Obeng-Gyasi: Right. Patients who have government insurance tend to be very specific populations because you have to meet certain eligibility criteria to get that insurance. Patients who have either Medicare or Medicaid may face certain barriers that privately insured patients may not have. For example, transportation may be a big issue. Among the elderly or people who are indigent, having access to a vehicle to go to multiple appointments may not be at their disposal. So, for those patients, even though insurance does not necessarily directly explain transportation, it might be a proxy for something like transportation.
Miller: Insurance provides coverage for the medical care, but there are still a lot of other barriers that it does not address, and those may be a bigger driving factor.
Obeng-Gyasi: Those are what we call social determinants of health. What insurance is doing here is acting as a proxy for something else. It's not the insurance itself that is causing the outcome but the other variables that contribute to qualifying for the insurance. Putting people in a situation where they require that type of insurance may be what is driving some of these outcomes.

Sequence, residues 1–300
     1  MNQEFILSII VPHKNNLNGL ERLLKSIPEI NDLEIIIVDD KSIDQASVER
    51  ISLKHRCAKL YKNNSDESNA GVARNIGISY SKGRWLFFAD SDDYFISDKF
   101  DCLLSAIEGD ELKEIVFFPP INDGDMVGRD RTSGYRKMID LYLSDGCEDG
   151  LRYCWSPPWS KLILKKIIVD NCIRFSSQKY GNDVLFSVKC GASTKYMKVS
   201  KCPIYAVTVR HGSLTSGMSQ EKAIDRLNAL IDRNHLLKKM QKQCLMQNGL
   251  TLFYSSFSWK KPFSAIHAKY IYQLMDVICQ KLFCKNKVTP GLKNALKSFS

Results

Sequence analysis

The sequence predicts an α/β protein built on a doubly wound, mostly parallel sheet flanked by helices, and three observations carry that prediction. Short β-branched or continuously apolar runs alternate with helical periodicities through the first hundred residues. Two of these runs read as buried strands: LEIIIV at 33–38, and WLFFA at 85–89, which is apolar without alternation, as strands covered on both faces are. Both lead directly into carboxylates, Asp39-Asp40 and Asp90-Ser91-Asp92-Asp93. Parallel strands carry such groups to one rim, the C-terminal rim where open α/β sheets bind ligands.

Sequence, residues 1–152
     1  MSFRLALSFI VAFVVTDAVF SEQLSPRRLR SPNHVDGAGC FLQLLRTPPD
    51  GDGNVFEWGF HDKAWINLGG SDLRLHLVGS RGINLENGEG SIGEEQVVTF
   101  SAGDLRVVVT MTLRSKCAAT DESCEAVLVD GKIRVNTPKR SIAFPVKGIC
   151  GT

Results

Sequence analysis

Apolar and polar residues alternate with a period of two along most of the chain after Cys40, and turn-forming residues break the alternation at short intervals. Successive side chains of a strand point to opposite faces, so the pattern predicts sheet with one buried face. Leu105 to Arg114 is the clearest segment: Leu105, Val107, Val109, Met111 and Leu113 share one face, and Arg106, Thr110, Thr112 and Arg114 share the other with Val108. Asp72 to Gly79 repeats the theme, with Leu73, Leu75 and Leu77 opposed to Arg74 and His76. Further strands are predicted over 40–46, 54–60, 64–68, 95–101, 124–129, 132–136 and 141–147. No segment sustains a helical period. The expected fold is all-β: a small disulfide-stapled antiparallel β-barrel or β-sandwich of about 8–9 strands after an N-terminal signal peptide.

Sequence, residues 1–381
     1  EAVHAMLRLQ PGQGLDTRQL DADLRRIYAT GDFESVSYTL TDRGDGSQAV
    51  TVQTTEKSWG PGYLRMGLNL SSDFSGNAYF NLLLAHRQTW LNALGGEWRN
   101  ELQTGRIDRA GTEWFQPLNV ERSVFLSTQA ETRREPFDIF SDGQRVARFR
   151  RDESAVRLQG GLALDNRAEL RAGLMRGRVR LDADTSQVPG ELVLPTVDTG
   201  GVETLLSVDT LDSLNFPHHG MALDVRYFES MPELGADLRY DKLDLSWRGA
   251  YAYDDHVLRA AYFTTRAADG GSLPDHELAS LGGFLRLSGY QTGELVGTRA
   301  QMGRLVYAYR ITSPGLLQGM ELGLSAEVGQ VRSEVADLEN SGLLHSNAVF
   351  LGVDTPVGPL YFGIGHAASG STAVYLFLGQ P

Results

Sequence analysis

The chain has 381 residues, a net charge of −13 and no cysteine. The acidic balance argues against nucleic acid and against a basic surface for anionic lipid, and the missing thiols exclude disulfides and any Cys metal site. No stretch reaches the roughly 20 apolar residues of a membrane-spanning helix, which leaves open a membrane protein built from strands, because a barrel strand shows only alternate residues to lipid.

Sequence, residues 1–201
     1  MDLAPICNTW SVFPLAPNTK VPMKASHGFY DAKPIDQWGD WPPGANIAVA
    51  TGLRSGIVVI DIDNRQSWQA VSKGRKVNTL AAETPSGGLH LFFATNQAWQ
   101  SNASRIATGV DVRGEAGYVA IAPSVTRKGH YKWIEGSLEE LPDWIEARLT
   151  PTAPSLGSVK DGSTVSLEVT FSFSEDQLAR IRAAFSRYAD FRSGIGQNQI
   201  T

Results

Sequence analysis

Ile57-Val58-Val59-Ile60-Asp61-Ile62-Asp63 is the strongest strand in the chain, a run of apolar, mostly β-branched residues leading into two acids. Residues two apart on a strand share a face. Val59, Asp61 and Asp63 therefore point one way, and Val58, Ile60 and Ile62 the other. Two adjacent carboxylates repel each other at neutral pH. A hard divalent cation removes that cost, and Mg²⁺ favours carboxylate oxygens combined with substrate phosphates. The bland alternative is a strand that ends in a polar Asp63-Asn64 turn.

Miller: The other challenging aspect is, these trials only give patients a certain portion of their treatment. Once their disease progressed or they finished treatment, maybe their access to care for ongoing follow-up care of other comorbidities is not the same.
Obeng-Gyasi: Right, that could have been different. Maybe the patient had access to a tertiary center where they had very high-quality care, but once they were no longer enrolled, the center that they might have transferred their care to might not have been as well equipped to help them in terms of their management. So, yes, there might be other variables that might have contributed to these outcomes.
Miller: What impact did the neighborhood-level data have?